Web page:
Using hybridizing Magnetic Relaxation Nanosensors (hMRS)
Microoganims associated with disease or contamination of the environment present serious challenges that threaten public health. For example: pathogenesis relies on the survival of microorganisms within host cells, such as macrophages and dendritic cells, or tissue. This mode of infection, with or without clinical symptomology, hampers bacterial detection, preventing correct diagnosis. Consequently, the physician cannot proceed to assigning an appropriate treatment course, delaying the clearance of the pathogen from the body. Traditional methods such as culture or ELISA cannot effectively detect intracellular pathogens in biological specimens as the microorganism is hidden away within immune cells; and Polymerase Chain Reaction (PCR), while highly specific and sensitive, is laborious, time-consuming and typically requires homogeneous and pure DNA samples. Because of this, there exists a need for robust, accurate and timely identification methods for infections.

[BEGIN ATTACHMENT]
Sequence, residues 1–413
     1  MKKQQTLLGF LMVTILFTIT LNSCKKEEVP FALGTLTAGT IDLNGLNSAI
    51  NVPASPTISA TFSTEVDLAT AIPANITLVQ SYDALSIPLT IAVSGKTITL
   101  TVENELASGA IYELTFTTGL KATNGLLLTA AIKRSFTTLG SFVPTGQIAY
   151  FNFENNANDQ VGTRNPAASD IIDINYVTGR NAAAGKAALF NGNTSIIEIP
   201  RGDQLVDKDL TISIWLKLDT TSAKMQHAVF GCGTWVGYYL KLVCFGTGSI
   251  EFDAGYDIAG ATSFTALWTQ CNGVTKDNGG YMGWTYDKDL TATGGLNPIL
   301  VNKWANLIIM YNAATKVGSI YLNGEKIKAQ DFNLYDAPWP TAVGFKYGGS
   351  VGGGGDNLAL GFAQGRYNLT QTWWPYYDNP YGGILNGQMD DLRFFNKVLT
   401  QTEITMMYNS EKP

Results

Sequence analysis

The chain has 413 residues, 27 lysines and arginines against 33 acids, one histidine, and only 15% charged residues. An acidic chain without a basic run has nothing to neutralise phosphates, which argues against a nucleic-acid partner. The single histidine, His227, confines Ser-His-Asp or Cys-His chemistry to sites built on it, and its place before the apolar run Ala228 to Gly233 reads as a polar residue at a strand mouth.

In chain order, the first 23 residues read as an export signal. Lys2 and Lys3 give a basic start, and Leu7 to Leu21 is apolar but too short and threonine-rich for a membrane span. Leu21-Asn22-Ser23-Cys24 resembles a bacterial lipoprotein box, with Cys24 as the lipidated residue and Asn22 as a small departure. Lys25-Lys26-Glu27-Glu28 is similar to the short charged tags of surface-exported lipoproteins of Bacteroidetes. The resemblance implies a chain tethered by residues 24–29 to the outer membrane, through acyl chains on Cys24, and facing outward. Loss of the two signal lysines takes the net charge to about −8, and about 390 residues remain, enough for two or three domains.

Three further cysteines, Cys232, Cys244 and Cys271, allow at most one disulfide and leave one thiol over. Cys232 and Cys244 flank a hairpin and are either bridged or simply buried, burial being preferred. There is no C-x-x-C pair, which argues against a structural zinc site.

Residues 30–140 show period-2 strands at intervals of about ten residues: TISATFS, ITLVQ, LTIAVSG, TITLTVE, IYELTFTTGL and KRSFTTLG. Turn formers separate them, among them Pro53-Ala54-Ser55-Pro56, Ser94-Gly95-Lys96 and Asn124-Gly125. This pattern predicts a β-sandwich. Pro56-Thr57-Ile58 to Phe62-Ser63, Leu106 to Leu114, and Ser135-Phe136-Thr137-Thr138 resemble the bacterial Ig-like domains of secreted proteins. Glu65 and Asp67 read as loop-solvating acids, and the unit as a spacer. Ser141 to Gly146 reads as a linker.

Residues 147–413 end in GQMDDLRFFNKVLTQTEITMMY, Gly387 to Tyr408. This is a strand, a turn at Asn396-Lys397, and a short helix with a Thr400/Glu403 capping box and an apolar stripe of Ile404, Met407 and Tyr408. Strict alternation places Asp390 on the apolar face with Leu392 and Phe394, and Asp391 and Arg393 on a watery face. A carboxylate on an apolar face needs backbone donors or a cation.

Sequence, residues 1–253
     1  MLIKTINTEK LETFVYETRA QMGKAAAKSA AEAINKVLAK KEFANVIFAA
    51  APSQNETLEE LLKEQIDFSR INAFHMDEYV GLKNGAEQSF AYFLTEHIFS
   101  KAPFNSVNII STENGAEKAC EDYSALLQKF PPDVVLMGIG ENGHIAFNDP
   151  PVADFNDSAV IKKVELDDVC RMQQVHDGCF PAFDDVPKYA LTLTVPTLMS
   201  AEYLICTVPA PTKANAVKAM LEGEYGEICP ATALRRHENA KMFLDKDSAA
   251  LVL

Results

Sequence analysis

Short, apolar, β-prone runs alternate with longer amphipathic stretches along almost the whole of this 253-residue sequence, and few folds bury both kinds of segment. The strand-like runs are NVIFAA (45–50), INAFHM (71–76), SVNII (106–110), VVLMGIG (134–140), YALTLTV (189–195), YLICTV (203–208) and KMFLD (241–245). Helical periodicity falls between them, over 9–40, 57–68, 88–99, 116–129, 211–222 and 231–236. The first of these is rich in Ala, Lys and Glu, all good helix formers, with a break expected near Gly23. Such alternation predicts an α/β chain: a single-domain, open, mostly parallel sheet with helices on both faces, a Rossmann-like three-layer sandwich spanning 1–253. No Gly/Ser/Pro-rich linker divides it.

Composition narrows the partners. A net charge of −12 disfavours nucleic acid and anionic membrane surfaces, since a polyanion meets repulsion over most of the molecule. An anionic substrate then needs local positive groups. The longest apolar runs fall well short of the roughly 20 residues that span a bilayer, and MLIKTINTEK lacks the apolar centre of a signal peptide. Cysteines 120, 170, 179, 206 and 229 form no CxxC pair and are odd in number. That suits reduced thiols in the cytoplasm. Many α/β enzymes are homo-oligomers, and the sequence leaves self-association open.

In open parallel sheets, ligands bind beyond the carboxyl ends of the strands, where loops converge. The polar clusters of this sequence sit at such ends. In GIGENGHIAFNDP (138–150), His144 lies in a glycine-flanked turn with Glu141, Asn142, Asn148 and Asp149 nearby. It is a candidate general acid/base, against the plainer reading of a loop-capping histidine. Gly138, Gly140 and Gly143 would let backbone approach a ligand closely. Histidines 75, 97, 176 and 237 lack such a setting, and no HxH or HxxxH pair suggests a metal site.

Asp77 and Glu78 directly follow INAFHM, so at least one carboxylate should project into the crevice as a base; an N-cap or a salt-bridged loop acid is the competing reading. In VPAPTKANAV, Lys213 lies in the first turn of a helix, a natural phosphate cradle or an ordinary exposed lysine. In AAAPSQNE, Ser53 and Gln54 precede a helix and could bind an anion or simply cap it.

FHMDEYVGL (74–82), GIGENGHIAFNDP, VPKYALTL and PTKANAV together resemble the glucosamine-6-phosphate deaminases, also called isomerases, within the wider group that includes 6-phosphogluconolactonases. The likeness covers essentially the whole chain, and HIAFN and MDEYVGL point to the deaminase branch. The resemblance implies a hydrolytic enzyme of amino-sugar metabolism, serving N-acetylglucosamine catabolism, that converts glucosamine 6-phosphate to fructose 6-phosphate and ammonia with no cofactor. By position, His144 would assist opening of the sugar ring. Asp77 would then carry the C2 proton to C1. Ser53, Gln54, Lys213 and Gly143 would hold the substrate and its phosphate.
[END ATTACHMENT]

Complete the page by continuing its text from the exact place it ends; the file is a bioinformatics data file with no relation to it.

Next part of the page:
UCF researchers have engineered a nanotechnology-based assay that can detect Mycobacterium. In vitro studies demonstrated that the nano-based assays, better known as hybridizing magnetic relaxation nanosensors (hMRS), could specifically detect a conserved genomic element in Mycobacterium’s genome, and not DNA from distant or related microorganisms. Hence, this innovative assay provides faster (1 hour v. 12 weeks) and more accurate results, while using less expensive, yet more robust, reagents. This hMRS assay is a deployable diagnostic methodology that is independent of the sample’s optical properties and is suitable for point-of-care screening.
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Looking for a partner to validate testing, conduct pre-clinical and clinical testing, and commercialize the technology
- Detection of biomarkers in tissue and blood
- Detection of diverse targets in complex media including clinical samples
Additional Technology Numbers: 32386, 32865